Why I Obey the Leash Law

Recently I moved from a rural home in New Hampshire to a townhouse in Massachusetts, and in the process I was thrown into a strange new world of gossipy neighbors, assigned parking spaces, and condo fees. Even harder to adjust to was the fact that my dog didn’t have a huge yard and kennel to play in…and I had to follow her around with a baggie to pick up her poop.

Another adjustment was the leash law here in town. Elsa was never on a leash back in NH, she didn’t have to be, we had a field surrounded by woods. I had worked diligently on training her to come when called too, so that in those occasional situations when a car came down the driveway or a deer ran across the field, I didn’t have to worry about her bounding off after them. So my initial reaction upon moving to MA was that the leash law was unnecessary and a nuisance.

Fast forward a couple of months and now I’m a dog walker in town, I’m extremely fond and protective of my clients, and I in every way support the leash law! It really sank in a couple of weeks ago when I was walking a puppy. I bring Elsa along on walks with this particular pup to increase her socialization and they have become quite fond of one another. The pup absolutely loves to jump on, bite, and run into Elsa at top speed…while Elsa just stands there with her Collie smile, putting up with it. And as confident as this has made the pup with other dogs, I have to make sure she understands that not all dogs will be as tolerable. Therefore, when we go to a small park each day and meet other dogs on leashes, I request that my pup sits and politely meets the other.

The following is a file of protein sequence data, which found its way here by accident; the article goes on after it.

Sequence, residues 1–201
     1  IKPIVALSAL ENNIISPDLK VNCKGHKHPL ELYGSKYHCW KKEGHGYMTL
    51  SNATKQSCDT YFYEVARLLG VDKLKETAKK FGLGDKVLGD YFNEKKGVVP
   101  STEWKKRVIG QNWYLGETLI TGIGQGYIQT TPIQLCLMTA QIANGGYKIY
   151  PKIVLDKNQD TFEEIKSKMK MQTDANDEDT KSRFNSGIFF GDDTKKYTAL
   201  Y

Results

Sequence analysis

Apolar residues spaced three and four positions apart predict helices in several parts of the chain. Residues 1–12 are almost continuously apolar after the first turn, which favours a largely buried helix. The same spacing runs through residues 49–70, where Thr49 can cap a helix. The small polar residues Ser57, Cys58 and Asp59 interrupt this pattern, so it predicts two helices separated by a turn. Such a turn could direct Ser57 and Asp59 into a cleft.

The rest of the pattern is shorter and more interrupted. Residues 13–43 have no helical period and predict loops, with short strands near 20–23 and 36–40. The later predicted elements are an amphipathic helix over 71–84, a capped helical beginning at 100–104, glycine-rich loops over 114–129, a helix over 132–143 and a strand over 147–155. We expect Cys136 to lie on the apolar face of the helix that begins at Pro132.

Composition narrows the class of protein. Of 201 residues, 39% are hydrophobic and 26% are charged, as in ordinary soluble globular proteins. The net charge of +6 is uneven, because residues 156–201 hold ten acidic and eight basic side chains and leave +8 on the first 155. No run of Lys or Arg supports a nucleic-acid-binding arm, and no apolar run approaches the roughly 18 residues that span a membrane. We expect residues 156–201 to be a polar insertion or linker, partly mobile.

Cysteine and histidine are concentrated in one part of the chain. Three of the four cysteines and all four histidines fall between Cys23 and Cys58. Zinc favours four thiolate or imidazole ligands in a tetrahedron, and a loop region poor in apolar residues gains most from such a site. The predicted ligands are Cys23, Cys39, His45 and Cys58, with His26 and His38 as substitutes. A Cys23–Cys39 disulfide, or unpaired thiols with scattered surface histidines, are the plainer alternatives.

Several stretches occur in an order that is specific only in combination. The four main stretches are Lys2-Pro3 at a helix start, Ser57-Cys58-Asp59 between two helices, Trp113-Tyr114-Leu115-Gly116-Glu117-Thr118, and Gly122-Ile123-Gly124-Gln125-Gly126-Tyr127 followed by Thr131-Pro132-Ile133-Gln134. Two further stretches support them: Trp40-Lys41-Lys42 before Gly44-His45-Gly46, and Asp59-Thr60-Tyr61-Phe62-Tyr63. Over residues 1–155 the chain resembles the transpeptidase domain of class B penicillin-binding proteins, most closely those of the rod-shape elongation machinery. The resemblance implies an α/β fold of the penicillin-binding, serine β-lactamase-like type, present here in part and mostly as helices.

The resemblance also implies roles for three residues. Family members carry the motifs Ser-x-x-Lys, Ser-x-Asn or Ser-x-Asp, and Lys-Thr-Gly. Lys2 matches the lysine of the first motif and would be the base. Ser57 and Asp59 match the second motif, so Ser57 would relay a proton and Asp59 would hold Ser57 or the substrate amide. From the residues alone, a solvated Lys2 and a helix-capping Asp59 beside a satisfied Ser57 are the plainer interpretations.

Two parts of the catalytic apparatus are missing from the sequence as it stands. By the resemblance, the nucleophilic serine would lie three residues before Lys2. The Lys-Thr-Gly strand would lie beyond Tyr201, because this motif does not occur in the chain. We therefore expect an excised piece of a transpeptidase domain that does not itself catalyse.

Well on two incidences, we arrived at the park to find a man with two large dogs loose in the park. He was attempting to amuse them by throwing a tennis ball, but both were way more interested in sniffing, running, and checking out other dogs. As I walked along the path with Elsa and the pup, the man’s dogs suddenly took notice of us and ran at top speed towards my two. I quickly reeled in my dogs, and as the man took notice he shouted to me from across the park “don’t worry, they’re friendly!” Well, my friendly dog has never greeted another from top speed. Upon arriving at us, the two dogs, hair raised on their backs, bounced around my dogs, sniffing and dodging, as I tried to drag my two away from them. The man told me not to worry, their wagging tails meant they were friendly. Yes, a wagging tail could represent a friendly dog, but it also could simply represent a dog that wants to socialize, regardless of his intentions. The dogs would not listen to their owner and would not leave us alone, regardless of his multiple attempts to call them off or get their attention with the tennis ball. My concern for the pup grew as she began trying to entice the two dogs to play, and I finally, kindly, explained to him that I am a dog walker, it’s my job to protect the pup, and that I did not appreciate his lack of control over his dogs. The park is filled everyday with people, dogs, and children, and I was sure that I was not the only one with that opinion. Upon explaining that to him, I continued to walk my dogs on the road rather than the park, and the man has since not returned to the park with his two dogs.

Though I still trust Elsa 100% off the leash, I keep her on it at all times. It’s up to responsible dog owners to show irresponsible dog owners the proper way to own and raise a dog. We don’t each have a rural home surrounded by fields and woods to allow our dogs to run and play loose…we all share the same roads and parks, and must respect each other when it comes to our actions with our pets.

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